Ohio University

Take a closer look at OHIO’s 2020 MLK Jr. March and Brunch [PHOTOS]

Published: January 20, 2020 Author: Story by George E. Mauzy Jr.

The 2020 Ohio University Martin Luther King Jr. weeklong celebration, which carries the theme, “Keep Moving Forward,” was kicked off for the 11th consecutive year by the Alpha Phi Alpha Fraternity-sponsored Silent March and Brunch on Monday, Jan. 20.

The annual celebration is sponsored by the Division of Diversity and Inclusion and planned each year by the MLK Jr. Celebration Planning Committee. OHIO administrators Tyrone Carr and Tamika Williams co-chaired the committee for the second consecutive year. 

More than 250 people, including President M. Duane Nellis, Athens City Mayor Steve Patterson and Vice President for Diversity and Inclusion Dr. Gigi Secuban participated in the Silent March, which began at Galbreath Chapel on College Green and ended at the fourth-floor entrance of Baker University Center.


Alpha Phi Alpha March
Members of Alpha Phi Alpha Fraternity lead the MLK Jr. Silent March across College Green on Jan. 20, 2020. Photo: Eli Burris


After the March, many of the participants attended the 20th annual MLK Jr. Brunch in the Baker University Center Ballroom.

This year’s brunch keynote speaker was OHIO alumnus Dr. Kalvin Harvell, a professor of sociology at Henry Ford College in Dearborn, Michigan. 


MLK co-chairs
MLK Jr. Celebration Planning Committee co-chairs Tamika WIllams and Tyrone Carr speak at the Galbreath Chapel. Photo: Ben Siegel


Before Dr. Harvell spoke, President Nellis, Mayor Patterson and Vice President Secuban shared their thoughts on Dr. King’s legacy and encouraged the audience to follow his teachings on serving mankind and expressing love and mercy to others. The event also featured dance, poetry and singing performances, as well as background music from the local band, Otis Cochran and Company.


Evan Young
Rev. Evan Young (right) of United Campus Ministry leads the audience in prayer at Galbreath Chapel. Photo: Ben Siegel


During his talk, Dr. Harvell told the audience that after King’s death, Americans have to deal with his unfinished business. He said there are still too many people without clean water and living in poverty.“When Dr. King was here he was strictly business, but now we’re dealing with his unfinished business,” Dr. Harvell said. “In one of his most powerful speeches he talked about the existence of two Americas.”


Jason Pina
Dr. Jason Pina (left), OHIO vice president for student affairs, and his wife, Shai, pray before the march. Photo: Ben Siegel


He said Dr. King described one America that was magnificent with great and ideal values highlighted by democracy, freedom, justice and equality. Dr. Harvell said King also talked about the real America, where there are people living in poverty without clean water and adequate food.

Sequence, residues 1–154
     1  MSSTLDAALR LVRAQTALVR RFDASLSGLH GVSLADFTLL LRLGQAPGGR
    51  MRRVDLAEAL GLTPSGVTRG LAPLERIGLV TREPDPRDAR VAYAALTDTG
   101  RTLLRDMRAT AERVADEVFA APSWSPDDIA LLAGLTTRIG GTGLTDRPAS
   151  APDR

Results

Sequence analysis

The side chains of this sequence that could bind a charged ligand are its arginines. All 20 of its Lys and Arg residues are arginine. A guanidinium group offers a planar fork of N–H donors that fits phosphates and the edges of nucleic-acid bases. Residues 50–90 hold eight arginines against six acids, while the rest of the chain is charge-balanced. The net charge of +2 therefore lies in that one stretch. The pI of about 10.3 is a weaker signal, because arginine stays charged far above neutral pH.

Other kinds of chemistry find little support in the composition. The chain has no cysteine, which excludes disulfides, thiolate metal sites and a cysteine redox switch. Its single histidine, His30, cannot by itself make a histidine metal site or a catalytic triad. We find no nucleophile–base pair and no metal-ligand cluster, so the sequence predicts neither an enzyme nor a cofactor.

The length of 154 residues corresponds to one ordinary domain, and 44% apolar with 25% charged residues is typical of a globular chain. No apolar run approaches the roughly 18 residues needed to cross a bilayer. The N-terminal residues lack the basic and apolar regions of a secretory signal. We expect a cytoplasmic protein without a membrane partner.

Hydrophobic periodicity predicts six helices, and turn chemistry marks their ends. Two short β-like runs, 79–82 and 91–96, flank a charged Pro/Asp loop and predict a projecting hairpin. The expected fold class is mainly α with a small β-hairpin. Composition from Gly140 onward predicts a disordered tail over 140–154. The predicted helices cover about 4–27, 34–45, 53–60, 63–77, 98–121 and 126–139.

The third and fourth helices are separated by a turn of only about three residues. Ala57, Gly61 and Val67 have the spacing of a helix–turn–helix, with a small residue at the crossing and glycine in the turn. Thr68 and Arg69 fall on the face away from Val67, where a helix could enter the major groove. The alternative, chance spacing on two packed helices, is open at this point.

“We have people who are haves and people who are have-nots,” Dr. Harvell said.


Anointed Praise
The Anointed Praise gospel choir performs at the MLK Jr. Brunch at the Baker Center Ballroom. Photo: Eli Burris


Dr. Harvell said he is always disappointed when he asks his students who is causing all the problems in America and their answer is the have-nots, a group that includes most of them.

“This happens because we (the have-nots) have been taught to learn from the master’s script that has been given to us by the haves,” Dr. Harvell said. “The most powerful thing is the world is to construct reality and have people accept it even when it’s to their own disadvantage.”


Dr. Nellis at MLK Brunch
OHIO President M. Duane Nellis discusses the legacy of Dr. King at the MLK Jr. Brunch. Photo: Ben Siegel


After some thought and reflection time, Dr. Harvell said the students eventually realize that maybe it’s the people who make the decisions in America - the haves – who are causing the problems that hold the have-nots back.

Dr. Harvell said we all just want to live a life with dignity and bring good to the world.


Jasmine Dabney
Student Jasmine Dabney sings during the 2020 MLK Jr. Brunch. Photo: Eli Burris


“If we are going to be critical about this thing, we have to figure out ways to break the system and that is what Dr. King did …” Dr. Harvell said. “He went to jail because he was willing to use his body to make a change. Dr. King was being critical of the American system.”


Alphas huddle
Members of Alpha Phi Alpha Fraternity share a laugh before hosting the MLK Jr. Brunch. Photo: Ben Siegel


In closing, Dr. Harvell charged the audience to keep MLK Jr. Day alive and not forget the feeling they had during the MLK Jr. March or the ideas that he just shared in his speech.

“This should not be the end – don’t leave this place and this be the end,” Dr. Harvell urged. “Continue this, you can have your own walk later on. You should be meeting every week to discuss the ideas of Dr. King, W.E.B. Du Bois and Mary Church Terrell. You have time to do this!”


Mayor Steve Patterson
City of Athens Mayor Steve Patterson reflects on Dr. King's life and legacy during the 2020 MLK Jr. Brunch. Photo: Ben Siegel


The MLK Jr. Celebration Week continues through Sunday, Jan. 26. For more information, visit https://www.ohio.edu/diversity/dr-mlk-jr-celebration or https://www.ohio.edu/news/2020/01/2020-mlk-jr-celebration-runs-jan-20-26